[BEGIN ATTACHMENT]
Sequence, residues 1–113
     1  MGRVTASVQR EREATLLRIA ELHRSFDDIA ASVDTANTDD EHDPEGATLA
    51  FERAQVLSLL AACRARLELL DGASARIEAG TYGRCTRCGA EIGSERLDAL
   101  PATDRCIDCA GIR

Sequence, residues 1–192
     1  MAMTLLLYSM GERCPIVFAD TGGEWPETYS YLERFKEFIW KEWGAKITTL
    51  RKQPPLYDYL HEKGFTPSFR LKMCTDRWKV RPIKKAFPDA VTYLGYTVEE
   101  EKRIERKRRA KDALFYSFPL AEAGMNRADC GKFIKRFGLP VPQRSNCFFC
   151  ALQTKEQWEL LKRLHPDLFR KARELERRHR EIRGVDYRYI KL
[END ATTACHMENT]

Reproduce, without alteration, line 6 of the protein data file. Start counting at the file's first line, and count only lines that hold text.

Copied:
     1  MAMTLLLYSM GERCPIVFAD TGGEWPETYS YLERFKEFIW KEWGAKITTL